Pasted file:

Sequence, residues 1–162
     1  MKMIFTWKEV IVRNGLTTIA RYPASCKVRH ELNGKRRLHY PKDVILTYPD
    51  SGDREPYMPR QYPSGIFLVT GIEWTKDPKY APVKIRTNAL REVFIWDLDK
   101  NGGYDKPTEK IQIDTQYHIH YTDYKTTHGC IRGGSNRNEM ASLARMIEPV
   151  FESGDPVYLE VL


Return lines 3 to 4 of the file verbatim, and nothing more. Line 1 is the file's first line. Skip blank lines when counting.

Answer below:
    51  SGDREPYMPR QYPSGIFLVT GIEWTKDPKY APVKIRTNAL REVFIWDLDK
   101  NGGYDKPTEK IQIDTQYHIH YTDYKTTHGC IRGGSNRNEM ASLARMIEPV